HIDDEN tracks

Music was Pete Paphides' first love. And at this rate, it will be his last.


Wed, 24th February 2010

An album that dances (with defiant ineptitude) in the face of critical appraisal.”

When asked what he does for a living, Simon Cowell says his job is to “guess what’s going to be popular.” In fact, the strange genius of the X-Factor format is that guessing nothing to do with it. By voting, the public tell Cowell what’s going to be popular. All that remains for Cowell is to frogmarch the winner into a studio and position his golden bucket at the bottom of the chute marked “Simon’s share”.

And yet, even with such a failsafe mechanism in place, Cowell still sometimes gets it wrong. Why? Because, once in a while, he lets his own preferences impede what really is just a simple popularity contest. Take Jedward, for instance. When it came to John and Edward Grimes – Ireland’s teenage answer to The Cat In The Hat’s Thing 1 and Thing 2 – it wasn’t just that Cowell didn’t get it. It was the fact that he didn’t even get that his not getting it was keeping the twins in the contest.

If you were young enough – six, maybe seven – Jedward’s X-Factor run was probably like being a punk in ’77. Punk was a movement that valued dumb gusto over talent. Punk also bewildered the establishment much as Jedward have done with Cowell. And on Planet Jedward, the twins even tackle a sacred text from that era, namely The Undertones’ Teenage Kicks. Would this version have made John Peel weep, just as the original did? Arguably not. By the same token, if your kids choose to spend their pocket money on Planet Jedward, there are some things you’ll feel wiser for overhearing: on Under Pressure (Ice Ice Baby), the crunching gear change between the Queen/Bowie bits and the gonad-clasping Vanilla Ice bits; and Ghostbusters which features this priceless exchange: “Yo Edward, you know what I wanna go do today?… I wanna go bust ghosts.”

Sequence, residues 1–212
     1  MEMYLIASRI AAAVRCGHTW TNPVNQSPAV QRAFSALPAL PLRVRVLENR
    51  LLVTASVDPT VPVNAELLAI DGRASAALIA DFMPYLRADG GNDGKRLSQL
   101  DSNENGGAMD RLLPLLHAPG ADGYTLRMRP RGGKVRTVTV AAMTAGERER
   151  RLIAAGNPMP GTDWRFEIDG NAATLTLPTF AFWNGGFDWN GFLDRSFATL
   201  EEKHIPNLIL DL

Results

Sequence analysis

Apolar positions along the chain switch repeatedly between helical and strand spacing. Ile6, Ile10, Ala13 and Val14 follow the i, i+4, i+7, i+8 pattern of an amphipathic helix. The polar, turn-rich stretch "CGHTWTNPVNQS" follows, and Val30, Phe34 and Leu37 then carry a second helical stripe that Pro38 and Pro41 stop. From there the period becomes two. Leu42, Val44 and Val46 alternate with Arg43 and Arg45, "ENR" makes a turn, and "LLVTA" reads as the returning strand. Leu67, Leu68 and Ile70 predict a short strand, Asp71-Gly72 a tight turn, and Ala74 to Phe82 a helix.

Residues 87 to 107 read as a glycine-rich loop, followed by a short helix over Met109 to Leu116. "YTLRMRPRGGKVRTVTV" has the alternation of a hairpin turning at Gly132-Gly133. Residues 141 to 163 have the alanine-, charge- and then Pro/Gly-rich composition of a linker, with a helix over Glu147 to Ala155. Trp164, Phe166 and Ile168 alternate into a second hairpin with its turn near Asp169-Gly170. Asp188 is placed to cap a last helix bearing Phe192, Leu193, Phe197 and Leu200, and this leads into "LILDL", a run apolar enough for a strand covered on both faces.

For all of that, however, Planet Jedward is an album that dances (with defiant ineptitude) in the face of critical appraisal. As an attempt to preserve Jedward’s unique Jedwardness, it succeeds. Does that make it a good thing? The more you think about it, the more you understand why Calvin Harris felt compelled to storm the stage in the middle of their X-Factor appearance last year, armed with a pineapple. On Planet Jedward, that’s as sane a response as any.